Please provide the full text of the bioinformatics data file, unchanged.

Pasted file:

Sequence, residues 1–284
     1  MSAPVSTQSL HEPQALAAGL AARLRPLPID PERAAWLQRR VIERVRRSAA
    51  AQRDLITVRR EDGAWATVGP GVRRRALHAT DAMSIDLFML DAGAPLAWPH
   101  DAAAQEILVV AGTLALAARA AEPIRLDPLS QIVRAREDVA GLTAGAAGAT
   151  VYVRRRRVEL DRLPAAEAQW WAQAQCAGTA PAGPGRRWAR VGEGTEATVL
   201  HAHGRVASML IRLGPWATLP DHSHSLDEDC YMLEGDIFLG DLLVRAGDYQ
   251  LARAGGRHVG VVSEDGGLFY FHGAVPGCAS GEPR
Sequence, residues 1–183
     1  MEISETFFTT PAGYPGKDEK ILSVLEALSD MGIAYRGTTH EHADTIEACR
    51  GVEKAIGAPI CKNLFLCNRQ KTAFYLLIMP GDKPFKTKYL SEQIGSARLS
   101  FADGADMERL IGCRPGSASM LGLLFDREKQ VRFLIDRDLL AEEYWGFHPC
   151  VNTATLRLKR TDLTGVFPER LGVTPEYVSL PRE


Sequence, residues 1–284
     1  MSAPVSTQSL HEPQALAAGL AARLRPLPID PERAAWLQRR VIERVRRSAA
    51  AQRDLITVRR EDGAWATVGP GVRRRALHAT DAMSIDLFML DAGAPLAWPH
   101  DAAAQEILVV AGTLALAARA AEPIRLDPLS QIVRAREDVA GLTAGAAGAT
   151  VYVRRRRVEL DRLPAAEAQW WAQAQCAGTA PAGPGRRWAR VGEGTEATVL
   201  HAHGRVASML IRLGPWATLP DHSHSLDEDC YMLEGDIFLG DLLVRAGDYQ
   251  LARAGGRHVG VVSEDGGLFY FHGAVPGCAS GEPR
Sequence, residues 1–183
     1  MEISETFFTT PAGYPGKDEK ILSVLEALSD MGIAYRGTTH EHADTIEACR
    51  GVEKAIGAPI CKNLFLCNRQ KTAFYLLIMP GDKPFKTKYL SEQIGSARLS
   101  FADGADMERL IGCRPGSASM LGLLFDREKQ VRFLIDRDLL AEEYWGFHPC
   151  VNTATLRLKR TDLTGVFPER LGVTPEYVSL PRE